WASHINGTON — Momentus recently cut its workforce by 30% as the cash-strapped company seeks to reduce its costs while looking for “strategic options” to raise funding.

In an Aug. 14 earnings call about its second quarter financial results, Eric Williams, chief financial officer of Momentus, said that the company reduced its headcount, including both full-time employees and contractors, by 30% late in the second quarter. The move, he said, was designed to “substantially reduce our burn rate while retaining the talent we need to execute our key near-term initiatives.”

He did not go into further details about the layoffs, including the staff affected. The company said in its 10-Q filing with the U.S. Securities and Exchange Commission Aug. 14 that it laid off 18 employees on July 3 “to enable us to help achieve a more cost-efficient organization necessary to increase the cash runway of the Company.” Williams said on the call that the company expected to start realizing those cost reductions in the third quarter, but did not quantify them.

“We’re pushing on it fairly hard to be able to get as much runaway as we can out of that,” John Rood, chief executive of Momentus, said of those cost reductions later in the call.

Momentus reported a record quarterly revenue of $1.7 million in the second quarter, the first time it reported revenues of more than $1 million in a quarter. However, the company reported a net loss of $18.8 million and ended the quarter with $21.6 million of cash and equivalents on hand.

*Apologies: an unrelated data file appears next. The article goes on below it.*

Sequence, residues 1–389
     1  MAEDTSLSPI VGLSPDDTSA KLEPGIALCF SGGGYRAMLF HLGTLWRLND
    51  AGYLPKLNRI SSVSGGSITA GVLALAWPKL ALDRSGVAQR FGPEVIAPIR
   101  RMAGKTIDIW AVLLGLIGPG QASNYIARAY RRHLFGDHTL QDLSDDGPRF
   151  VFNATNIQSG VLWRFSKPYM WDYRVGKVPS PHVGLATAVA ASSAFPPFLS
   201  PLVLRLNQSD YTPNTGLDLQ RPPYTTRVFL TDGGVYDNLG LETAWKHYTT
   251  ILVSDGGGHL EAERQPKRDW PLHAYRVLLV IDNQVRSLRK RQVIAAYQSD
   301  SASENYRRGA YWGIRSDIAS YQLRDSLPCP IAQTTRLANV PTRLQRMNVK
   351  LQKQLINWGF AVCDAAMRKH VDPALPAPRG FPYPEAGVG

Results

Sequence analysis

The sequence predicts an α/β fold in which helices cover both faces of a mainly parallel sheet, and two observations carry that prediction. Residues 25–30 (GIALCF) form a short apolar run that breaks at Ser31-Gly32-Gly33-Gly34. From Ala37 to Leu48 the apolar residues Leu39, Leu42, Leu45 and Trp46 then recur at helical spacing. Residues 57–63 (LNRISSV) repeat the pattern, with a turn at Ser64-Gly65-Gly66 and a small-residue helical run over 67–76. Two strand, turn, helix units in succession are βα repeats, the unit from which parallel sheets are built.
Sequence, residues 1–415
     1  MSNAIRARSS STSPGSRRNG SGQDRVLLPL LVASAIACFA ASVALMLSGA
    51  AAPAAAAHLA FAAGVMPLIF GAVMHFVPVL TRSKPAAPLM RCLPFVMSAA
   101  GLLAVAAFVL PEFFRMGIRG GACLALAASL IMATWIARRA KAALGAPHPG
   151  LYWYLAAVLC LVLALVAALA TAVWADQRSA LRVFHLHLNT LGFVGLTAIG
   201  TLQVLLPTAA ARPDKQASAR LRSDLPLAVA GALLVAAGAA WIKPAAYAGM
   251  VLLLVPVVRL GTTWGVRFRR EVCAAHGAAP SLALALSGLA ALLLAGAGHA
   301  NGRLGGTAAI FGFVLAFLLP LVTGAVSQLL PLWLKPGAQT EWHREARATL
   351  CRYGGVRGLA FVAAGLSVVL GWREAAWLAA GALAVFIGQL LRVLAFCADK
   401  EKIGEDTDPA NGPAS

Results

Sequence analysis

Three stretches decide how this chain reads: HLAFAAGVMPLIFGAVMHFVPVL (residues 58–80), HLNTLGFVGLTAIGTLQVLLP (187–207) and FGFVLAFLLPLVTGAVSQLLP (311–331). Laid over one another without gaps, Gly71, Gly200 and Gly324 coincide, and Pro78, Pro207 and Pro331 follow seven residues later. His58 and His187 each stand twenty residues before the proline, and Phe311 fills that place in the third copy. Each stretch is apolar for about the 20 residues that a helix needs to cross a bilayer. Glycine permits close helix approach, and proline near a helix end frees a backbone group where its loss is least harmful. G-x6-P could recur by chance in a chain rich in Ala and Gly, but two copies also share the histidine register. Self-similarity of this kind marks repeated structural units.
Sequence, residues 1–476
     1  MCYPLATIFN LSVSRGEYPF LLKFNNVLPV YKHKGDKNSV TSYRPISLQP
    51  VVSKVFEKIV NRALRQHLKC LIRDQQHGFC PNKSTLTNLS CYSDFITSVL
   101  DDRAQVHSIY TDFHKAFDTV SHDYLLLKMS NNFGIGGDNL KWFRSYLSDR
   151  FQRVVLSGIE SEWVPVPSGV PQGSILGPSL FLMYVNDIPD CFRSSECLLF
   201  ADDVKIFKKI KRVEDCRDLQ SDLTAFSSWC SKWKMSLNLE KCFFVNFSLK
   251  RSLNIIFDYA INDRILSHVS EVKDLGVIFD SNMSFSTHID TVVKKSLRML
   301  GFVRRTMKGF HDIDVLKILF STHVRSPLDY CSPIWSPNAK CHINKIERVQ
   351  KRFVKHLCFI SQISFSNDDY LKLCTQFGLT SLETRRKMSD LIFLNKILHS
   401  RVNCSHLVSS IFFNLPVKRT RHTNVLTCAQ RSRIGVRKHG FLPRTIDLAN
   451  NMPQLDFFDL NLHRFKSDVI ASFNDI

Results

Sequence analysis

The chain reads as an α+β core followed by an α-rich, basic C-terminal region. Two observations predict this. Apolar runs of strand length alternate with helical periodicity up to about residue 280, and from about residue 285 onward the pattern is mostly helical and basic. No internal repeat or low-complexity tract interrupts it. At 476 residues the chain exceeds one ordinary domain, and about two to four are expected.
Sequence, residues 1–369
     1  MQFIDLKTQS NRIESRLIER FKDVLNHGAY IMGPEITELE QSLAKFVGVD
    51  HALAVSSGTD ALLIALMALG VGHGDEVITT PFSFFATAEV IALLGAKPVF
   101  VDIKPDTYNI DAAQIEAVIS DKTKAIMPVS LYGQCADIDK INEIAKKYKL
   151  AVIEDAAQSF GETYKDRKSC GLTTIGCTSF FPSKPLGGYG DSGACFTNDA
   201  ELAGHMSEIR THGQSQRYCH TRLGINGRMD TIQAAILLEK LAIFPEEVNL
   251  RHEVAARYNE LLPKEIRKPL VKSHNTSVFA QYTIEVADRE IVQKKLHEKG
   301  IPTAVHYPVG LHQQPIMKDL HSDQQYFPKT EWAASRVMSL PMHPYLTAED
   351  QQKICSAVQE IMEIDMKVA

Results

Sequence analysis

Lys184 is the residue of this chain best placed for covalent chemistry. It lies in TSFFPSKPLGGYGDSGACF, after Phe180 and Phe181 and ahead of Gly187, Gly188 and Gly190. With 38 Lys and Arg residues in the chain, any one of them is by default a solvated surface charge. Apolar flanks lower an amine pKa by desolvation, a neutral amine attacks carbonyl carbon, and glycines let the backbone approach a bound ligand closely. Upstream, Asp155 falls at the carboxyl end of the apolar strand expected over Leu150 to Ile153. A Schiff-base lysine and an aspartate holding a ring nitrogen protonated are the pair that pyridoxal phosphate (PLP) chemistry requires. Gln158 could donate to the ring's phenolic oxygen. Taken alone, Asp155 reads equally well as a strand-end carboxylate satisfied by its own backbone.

As in the previous quarter, Momentus included a “going concern” warning in its financial results because of substantial doubt that it has sufficient funding to continue operations for the next 12 months. Williams acknowledged the warning in the call but noted the company was taking several steps, like the workforce reductions, to extend its cash.

Momentus has also engaged Deutsche Bank as a financial advisor, which he said will help the company as it works “to raise additional capital while pursuing and evaluating strategic alternatives.”

“It is clear that we’ve faced some headwinds in the recent risk-off environment in the market, and seen our stock price reflect that,” Rood said. The company’s shares have traded below $1 for six months, and the company is seeking shareholder approval later this month for a reverse split of between 1-for-30 and 1-for-50 to boost the stock price and avoid delisting from Nasdaq. The company’s shares closed at $0.31 Aug. 15.

Despite the company’s financial difficulties, Rood was upbeat on the call, noting the company’s work flying its Vigoride tugs and a new satellite bus, the M-1000, based on Vigoride that it is offering to the Space Development Agency (SDA) and other potential customers. Momentus separately announced Aug. 14 a Small Business Innovation Research award from SDA valued at nearly $750,000 to tailor the Vigoride tug for Defense Department applications. The contract has an option worth nearly $1.2 million for future work.

“Momentus is pushing ahead on our growth path,” Rood insisted. “We have several promising near-term opportunities in our sweet spot. We are actively seeking new investors while considering the full range of strategic options.”

Jeff Foust writes about space policy, commercial space, and related topics for SpaceNews. He earned a Ph.D. in planetary sciences from the Massachusetts Institute of Technology and a bachelor’s degree with honors in geophysics and planetary science...